He maintained that rather than being a religious issue, the rapid increase in population has made “farmlands become houses”, while “grazing routes have become farms”, explaining that the conflict between herdsmen and farmers is over resources and not ethnicity or religion.
According to him, while the population of Nigeria has been increasing at over three per cent per annum since independence, the jostle for scarce resources has been worsened by desertification, environmental degradation, erosion, pollution, the disappearance of water resources in the Chad Basin, and the Niger Benue.
The Chancellor of the Kaduna State University opined that Nigeria was only aligning with Reverend Thomas Malthus’ economic theory which states that when the population increases with a limited supply of land, it will get to a point where diminishing marginal productivity and pestilence and war will follow.
“If you continue seeing this as Muslim versus Christian, Fulani versus chiefs or whatever, you miss the point, which is that we need to watch our growing population, how to make investments to grow the economy to support the population and how to provide the economic sustainability that will protect the purchasing power of people,” he added.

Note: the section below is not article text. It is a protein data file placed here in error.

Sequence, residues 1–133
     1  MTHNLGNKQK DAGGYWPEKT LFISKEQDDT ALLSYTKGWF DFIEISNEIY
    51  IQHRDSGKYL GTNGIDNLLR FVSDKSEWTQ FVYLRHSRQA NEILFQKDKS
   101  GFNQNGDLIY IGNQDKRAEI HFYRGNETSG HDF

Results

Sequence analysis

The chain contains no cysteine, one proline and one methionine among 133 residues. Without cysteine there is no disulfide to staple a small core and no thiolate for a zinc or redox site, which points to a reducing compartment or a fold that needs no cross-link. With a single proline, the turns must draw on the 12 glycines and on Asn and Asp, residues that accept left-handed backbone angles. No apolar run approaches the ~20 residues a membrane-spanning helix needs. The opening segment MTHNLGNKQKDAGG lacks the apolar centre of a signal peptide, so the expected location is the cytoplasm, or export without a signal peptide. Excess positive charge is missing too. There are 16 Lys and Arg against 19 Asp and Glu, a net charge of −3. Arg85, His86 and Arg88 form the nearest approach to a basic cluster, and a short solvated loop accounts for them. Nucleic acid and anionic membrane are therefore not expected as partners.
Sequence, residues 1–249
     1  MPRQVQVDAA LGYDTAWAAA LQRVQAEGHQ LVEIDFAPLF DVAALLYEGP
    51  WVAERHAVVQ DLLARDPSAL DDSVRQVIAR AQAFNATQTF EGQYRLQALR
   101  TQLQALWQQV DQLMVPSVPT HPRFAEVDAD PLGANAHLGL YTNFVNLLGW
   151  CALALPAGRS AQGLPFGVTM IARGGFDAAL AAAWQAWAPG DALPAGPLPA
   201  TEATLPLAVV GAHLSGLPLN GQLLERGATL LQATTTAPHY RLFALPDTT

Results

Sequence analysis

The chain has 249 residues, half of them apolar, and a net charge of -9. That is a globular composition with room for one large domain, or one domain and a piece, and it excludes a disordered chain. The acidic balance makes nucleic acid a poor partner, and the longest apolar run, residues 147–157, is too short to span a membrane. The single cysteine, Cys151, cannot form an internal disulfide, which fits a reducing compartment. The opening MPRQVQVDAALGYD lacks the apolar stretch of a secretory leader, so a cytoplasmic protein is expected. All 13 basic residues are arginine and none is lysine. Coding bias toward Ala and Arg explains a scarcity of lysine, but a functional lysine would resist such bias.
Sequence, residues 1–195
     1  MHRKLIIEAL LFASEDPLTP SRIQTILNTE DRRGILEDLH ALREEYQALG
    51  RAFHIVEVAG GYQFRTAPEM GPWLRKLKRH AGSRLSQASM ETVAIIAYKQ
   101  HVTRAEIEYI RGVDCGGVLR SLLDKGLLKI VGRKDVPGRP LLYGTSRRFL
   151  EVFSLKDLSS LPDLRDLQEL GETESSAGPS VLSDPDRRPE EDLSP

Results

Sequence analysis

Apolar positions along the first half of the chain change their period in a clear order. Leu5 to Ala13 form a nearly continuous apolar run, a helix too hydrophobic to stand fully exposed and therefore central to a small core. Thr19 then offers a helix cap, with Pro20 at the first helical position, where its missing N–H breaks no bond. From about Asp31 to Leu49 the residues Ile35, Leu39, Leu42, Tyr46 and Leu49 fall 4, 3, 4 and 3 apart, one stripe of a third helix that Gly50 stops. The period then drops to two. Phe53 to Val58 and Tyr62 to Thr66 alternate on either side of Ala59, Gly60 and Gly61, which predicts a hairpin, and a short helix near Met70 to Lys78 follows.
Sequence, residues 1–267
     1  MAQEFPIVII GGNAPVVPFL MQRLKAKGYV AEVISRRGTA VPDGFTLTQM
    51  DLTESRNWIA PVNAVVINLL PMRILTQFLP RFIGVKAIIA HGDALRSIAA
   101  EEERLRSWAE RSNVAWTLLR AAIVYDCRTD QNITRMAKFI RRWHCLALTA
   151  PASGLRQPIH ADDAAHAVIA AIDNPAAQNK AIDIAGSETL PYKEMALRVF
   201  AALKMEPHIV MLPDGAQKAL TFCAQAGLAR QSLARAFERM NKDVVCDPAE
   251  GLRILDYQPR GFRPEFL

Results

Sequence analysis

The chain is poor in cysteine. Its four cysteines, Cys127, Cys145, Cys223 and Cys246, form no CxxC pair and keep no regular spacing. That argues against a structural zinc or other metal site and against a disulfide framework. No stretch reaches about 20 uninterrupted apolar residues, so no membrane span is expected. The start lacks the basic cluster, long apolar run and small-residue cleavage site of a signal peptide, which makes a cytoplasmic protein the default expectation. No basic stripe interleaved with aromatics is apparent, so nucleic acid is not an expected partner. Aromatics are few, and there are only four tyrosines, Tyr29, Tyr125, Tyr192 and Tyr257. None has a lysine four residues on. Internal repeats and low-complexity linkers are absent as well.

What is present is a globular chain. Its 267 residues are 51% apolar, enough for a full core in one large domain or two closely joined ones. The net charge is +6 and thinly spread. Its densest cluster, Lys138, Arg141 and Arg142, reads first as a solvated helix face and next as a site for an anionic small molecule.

Sanusi posited that the narrative should be how to have a good and efficient government, which he said, Nigeria seems to lack.
He said that the practice of Sharia has become political, stressing that hands had been cut off, yet decades later, stealing and other crimes had not stopped, while it appears that only the poor Muslim bears the brunt.
Sanusi argued that the monies that are spent on Islamic pilgrimages every year by the government, especially on those who could afford it over the years were enough to educate a huge chunk of the population of the north.
He declared that a government that pursues wrong economic policies will get the wrong economic outcomes.
He added: “For decades in this country, we have wasted our resources. Look at the fuel subsidy, which I’ve been talking about since 2011. We take trillions and trillions of naira and tell people we are giving them cheap fuel.
“At the end of the day, we have bankrupted ourselves. You’ve set up an economic system where today 90 per cent of government revenue goes to debt servicing and we’re still borrowing. We are spending trillions on fuel subsidy. And then we get the central bank to print trillions because we cannot pay salaries if we do not print the money. And as the money is printed, we create inflation and then we create devaluation.
“And then we find that we have to pay more on subsidy because today if you remove the fuel subsidy, you’ve got to pay about N400 per litre of petrol product and we are an oil-producing country.
“If we had removed this subsidy when we said we should remove it, even if it was in 2015, we will not be here. So, this is not about Buhari (Muhammadu) being a Muslim or Osinbajo (Yemi) being a Christian. This is about what are the economic policies that are being pursued? Are the policies that will create jobs, economic growth, or are they policies that will moderate population growth or lead to prosperity?”